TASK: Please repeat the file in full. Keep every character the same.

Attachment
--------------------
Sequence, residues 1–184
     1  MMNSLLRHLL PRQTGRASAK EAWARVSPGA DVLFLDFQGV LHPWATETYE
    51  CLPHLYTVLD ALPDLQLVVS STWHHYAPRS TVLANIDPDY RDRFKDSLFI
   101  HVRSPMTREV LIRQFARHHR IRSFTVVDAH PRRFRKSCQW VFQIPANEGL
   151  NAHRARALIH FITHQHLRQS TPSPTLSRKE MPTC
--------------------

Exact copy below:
Sequence, residues 1–184
     1  MMNSLLRHLL PRQTGRASAK EAWARVSPGA DVLFLDFQGV LHPWATETYE
    51  CLPHLYTVLD ALPDLQLVVS STWHHYAPRS TVLANIDPDY RDRFKDSLFI
   101  HVRSPMTREV LIRQFARHHR IRSFTVVDAH PRRFRKSCQW VFQIPANEGL
   151  NAHRARALIH FITHQHLRQS TPSPTLSRKE MPTC